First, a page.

Hunger Report Highlights How a Bold U.S. Led-Initiative is Key to Building Resilience to Food Price Volatility
Washington, DC, November 22, 2010
A new report released today by Bread for the World Institute focuses on the global response to the rise in hunger as a result of the 2008 food price crisis. The report explores the role of the United States in mobilizing global commitments to increase investments in agriculture, food security, and nutrition in developing countries.
“The food price crisis was a wakeup call. It started a new global conversation about hunger, malnutrition, and food security,” said Asma Lateef, director of Bread for the World Institute. “Two years later, with U.S. leadership, there is a renewed focus on smallholder agriculture and reversing decades of neglect -- just as we enter a new period of rising food prices.”
According to the new report, Our Common Interest: Ending Hunger and Malnutrition—Hunger 2011, achieving lasting progress against global hunger and malnutrition is possible. The report examines events that led to the establishment of Feed the Future, a bold initiative from the U.S. government, and its potential to dramatically reduce global hunger and malnutrition.
“It is very exciting that Feed the Future makes the connection between malnutrition early in life, and its impact on long-term economic development,” added Lateef. “This connection and the initiative’s focus on small farmers make it particularly promising in addressing the underlying causes of hunger and poverty.”
The United Nations Food and Agricultural Organization (FAO) recently announced that food prices could rise through 2011 unless production of major crops increases. In its latest Food Outlook report, the FAO warned that the situation could be similar to the 2008 worldwide food crisis. According to the FAO, food imports for the world’s poorest countries are expected to increase by 11 percent in 2010 -- and by 20 percent for low-income food-deficit countries. This highlights the urgent need for programs like Feed the Future to help build resilience, so that poor families in rural areas worldwide are better able to cope with volatile food prices.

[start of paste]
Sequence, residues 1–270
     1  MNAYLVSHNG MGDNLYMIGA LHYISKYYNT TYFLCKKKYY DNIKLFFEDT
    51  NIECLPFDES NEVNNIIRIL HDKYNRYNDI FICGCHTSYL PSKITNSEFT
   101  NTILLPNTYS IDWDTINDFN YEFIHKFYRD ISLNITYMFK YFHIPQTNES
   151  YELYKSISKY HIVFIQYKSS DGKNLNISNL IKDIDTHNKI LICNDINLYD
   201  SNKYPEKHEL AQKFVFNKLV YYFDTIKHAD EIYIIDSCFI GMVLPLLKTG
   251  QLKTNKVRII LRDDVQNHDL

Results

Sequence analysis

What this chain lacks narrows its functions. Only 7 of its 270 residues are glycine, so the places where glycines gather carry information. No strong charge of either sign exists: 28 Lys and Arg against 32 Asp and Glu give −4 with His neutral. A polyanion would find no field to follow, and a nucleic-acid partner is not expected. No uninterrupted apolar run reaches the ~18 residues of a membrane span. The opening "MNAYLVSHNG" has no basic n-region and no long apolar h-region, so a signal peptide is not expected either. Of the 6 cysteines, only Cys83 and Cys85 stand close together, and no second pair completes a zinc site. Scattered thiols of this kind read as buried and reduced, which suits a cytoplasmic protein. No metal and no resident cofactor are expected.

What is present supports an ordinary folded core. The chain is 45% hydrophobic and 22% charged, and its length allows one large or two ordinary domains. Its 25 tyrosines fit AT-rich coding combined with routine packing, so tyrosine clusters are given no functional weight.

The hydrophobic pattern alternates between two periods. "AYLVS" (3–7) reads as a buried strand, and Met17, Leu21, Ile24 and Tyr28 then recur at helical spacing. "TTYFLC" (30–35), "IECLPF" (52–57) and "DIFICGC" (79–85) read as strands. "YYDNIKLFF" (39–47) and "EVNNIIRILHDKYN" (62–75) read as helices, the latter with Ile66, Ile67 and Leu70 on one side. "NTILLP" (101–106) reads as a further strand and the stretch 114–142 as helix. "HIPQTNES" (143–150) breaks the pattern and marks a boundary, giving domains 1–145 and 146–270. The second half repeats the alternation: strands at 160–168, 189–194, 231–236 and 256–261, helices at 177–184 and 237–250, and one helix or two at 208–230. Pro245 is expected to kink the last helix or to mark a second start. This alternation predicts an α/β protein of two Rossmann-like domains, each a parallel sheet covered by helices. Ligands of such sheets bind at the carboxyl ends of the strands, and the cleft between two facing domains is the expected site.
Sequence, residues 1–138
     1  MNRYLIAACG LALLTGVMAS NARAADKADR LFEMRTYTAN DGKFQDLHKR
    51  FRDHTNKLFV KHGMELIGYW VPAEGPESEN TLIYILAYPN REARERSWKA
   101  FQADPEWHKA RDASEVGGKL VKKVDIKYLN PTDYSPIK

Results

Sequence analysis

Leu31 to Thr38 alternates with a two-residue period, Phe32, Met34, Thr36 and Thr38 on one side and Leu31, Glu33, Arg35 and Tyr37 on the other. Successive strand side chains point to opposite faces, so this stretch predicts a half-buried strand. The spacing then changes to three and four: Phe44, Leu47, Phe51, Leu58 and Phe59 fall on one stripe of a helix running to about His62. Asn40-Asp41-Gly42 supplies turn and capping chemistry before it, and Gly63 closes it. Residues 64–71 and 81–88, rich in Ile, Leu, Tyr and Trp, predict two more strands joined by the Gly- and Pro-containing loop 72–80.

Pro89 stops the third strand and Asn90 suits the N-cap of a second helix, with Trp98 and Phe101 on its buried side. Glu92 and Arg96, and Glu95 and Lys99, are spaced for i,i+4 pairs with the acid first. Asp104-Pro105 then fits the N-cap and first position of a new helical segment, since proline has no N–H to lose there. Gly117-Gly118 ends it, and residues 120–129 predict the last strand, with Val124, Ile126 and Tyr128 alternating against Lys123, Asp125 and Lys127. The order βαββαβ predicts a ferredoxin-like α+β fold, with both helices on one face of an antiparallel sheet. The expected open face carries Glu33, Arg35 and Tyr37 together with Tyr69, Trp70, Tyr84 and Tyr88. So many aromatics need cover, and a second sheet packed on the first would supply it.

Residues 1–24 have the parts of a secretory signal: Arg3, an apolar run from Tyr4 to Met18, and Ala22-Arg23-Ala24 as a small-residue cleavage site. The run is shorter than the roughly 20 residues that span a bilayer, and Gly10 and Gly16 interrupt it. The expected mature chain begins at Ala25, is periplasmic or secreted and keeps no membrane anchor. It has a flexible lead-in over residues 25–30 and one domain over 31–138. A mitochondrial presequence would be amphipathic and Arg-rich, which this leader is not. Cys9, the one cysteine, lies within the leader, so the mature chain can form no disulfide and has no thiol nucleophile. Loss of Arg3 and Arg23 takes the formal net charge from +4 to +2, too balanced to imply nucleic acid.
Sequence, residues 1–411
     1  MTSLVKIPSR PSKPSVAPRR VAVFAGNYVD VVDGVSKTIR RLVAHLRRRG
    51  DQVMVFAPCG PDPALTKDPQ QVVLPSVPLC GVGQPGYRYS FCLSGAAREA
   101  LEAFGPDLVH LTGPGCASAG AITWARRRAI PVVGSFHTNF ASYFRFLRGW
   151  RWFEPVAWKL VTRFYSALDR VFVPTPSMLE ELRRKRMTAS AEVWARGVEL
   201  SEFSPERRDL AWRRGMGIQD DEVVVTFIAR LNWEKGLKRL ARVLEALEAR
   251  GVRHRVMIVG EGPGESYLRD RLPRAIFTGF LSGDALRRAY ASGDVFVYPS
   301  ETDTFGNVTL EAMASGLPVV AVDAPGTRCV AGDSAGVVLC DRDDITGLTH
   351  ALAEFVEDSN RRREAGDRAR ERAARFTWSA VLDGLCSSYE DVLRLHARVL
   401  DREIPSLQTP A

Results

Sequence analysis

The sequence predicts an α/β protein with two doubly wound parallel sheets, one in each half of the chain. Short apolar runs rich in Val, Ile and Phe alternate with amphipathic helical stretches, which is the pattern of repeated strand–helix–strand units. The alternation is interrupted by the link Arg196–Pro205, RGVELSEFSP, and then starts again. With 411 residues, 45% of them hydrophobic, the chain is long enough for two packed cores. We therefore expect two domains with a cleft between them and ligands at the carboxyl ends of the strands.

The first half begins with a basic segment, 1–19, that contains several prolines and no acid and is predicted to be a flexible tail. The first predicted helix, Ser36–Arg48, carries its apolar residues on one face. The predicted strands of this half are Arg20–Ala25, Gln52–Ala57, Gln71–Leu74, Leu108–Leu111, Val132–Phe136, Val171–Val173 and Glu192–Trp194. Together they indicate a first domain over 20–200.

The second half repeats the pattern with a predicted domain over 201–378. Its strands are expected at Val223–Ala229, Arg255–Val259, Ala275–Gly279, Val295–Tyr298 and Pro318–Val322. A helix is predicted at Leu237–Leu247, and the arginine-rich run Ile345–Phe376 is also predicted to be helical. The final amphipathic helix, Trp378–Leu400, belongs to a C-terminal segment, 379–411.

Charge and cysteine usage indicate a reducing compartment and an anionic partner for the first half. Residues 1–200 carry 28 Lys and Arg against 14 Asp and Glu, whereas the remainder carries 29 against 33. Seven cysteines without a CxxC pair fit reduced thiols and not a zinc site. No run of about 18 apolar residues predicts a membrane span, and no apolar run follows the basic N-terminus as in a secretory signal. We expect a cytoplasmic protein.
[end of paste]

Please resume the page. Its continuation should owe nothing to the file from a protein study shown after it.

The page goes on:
“The 2011 Hunger Report aptly reminds us that in order to tackle the root causes of hunger and malnutrition, we need to invest in smallholder farmers and focus on integrating nutrition and agriculture development through a country-led approach,” said Rajiv Shah, the Administrator of the United States Agency for International Development. “Feed the Future - a core plank in the most important development strategy delivered by a sitting President since President Kennedy's call for the creation of USAID over 50 years ago – does just that. We are proudly leading a global movement to reverse decades-long neglect of agriculture-led development.”
With Feed the Future, the United States is demonstrating its commitment at the highest levels to fighting hunger and malnutrition. There are proven interventions to reduce malnutrition and improve livelihoods in the poorest parts of the world. Now, policymakers in the United States and in other countries must use the political momentum to deliver the resources needed to turn this promise into a reality for the nearly 1 billion people who suffer from hunger.
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Fito Moreno, Interim Media Relations Manager, 202-688-1138
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